Korean Law Demystified!

[OPINION] A Few Suggestions for KOVO V-League (in South Korea)


I grew up watching a lot of pro basketball and baseball. Over the years, I have been able to watch volleyball and soccer as well. Below are some of my thoughts regarding pro volleyball in South Korea right now. These are just general observations. (Full disclosure: I don’t know the rules 100%. Like positional faults…)

I. In/Out Calls and Video Challenges

This season, I noticed KOVO has become even more lenient with calling iffy balls “in.” I sometimes feel they go too far and call balls that have not touched any part of the line “in.” With regard to challenges, I noticed on rare occasions they get it totally wrong. To me, the rule should be: if you can’t really tell (for sure) even after watching the replays several times, the original call stands. It is wrong to overturn such calls. Watch video clip above.

II. KOVO Tryouts (for Non-Korean Players)

Korean fans seem very split, but I like the current system. I like it because it makes the season more unpredictable (and thus more fun). For example, the men’s season right now (when compared to last season). To me, the availability of money should not dictate too much the overall success of a team. Having said this, I do feel the salary for men and women should be equal. (Right now, men receive more.) A personal question I have is: how open-minded are the head coaches and staff at the tryout. How much do tryout performances actually influence selection… (I ask because some fans feel their assessment of the players can be questionable.) Meanwhile, I read that starting from next season, KOVO is getting rid of both the North America and age eligibility restrictions (right now 26 max) for women non-Korean players.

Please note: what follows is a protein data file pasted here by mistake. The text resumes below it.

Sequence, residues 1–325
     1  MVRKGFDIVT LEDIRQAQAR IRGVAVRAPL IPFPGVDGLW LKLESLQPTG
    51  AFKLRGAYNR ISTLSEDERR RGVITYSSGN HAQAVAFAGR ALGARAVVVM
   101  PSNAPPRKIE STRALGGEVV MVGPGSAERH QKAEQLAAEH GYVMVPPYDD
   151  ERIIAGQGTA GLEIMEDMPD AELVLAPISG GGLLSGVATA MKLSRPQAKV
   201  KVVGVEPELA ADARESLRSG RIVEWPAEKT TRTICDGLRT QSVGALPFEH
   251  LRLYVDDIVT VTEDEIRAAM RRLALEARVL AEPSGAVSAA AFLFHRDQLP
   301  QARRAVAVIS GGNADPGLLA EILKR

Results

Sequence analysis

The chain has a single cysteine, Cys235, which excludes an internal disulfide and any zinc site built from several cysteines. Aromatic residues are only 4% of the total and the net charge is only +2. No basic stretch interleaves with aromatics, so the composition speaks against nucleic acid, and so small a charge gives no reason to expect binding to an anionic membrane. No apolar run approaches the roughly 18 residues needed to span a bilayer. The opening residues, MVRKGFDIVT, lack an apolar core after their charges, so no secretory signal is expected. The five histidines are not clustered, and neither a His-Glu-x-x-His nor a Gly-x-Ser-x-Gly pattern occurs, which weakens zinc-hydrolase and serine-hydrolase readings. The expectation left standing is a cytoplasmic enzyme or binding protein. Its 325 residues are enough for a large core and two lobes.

III. Coaches during Time-outs

I wish the head coaches would not carp about specific mistakes players have just made. They are all professional players. I’m sure they know what just went wrong. Coaches need not explain everything all the time. Plus, there’s no use crying over spilled milk. If I were a coach, I would spend more time talking about the overall tempo/flow, intensity, tactical adjustments, etc.

IV. Over-reliance on Non-Korean Players…

If the non-Korean player is okay with it, I don’t feel this is a problem in and of itself. It is desirable, however, for teams to have as many Korean players attack because: 1) it will disrupt the blockers, and 2) the non-Korean player will be less fatigued throughout the long, grinding season. In Korea, the non-Korean player is generally the go-to, clutch player who is capable of spiking bad balls too. He/she normally scores 20-40 pts per game. FYI: Above is Nicole Fawcett who played in Korea before tryouts began in 2015-16. (For men, it began with this season.) She is arguably the most beloved female non-Korean volleyball player of all-time in Korea. She played for 도로공사. I think she subsequently played in China, Turkey, and Italy(?).

V. Match Time and Schedule

Right now, men’s matches generally take place right after the women’s matches. (On weekends, it’s the opposite.) Not all, but most men and women teams share a court. This means the start time for a latter match is always variable. Recently, there’s been demand for making all matches (men and women) start at 7 p.m. on weekdays. (Women’s matches currently start at 5 p.m.) But KOVO’s main worry is with TV ratings plummeting. It does not want men and women matches fighting each other for viewers. But the problem with having 5 p.m. matches (for women) is that it’s hard for most people to actually go and watch. One solution could be assigning separate days of the week for men and women matches. Another area for improvement is match scheduling. Right now, it’s sometimes too unevenly spaced out. KOVO could do better here as well.

Above is a video clip about Korean volleyball in the 80s. Volleyball seems to have been very popular back then. But I also think people just have so many more options now.

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I will try to write more in the future. Thanks.

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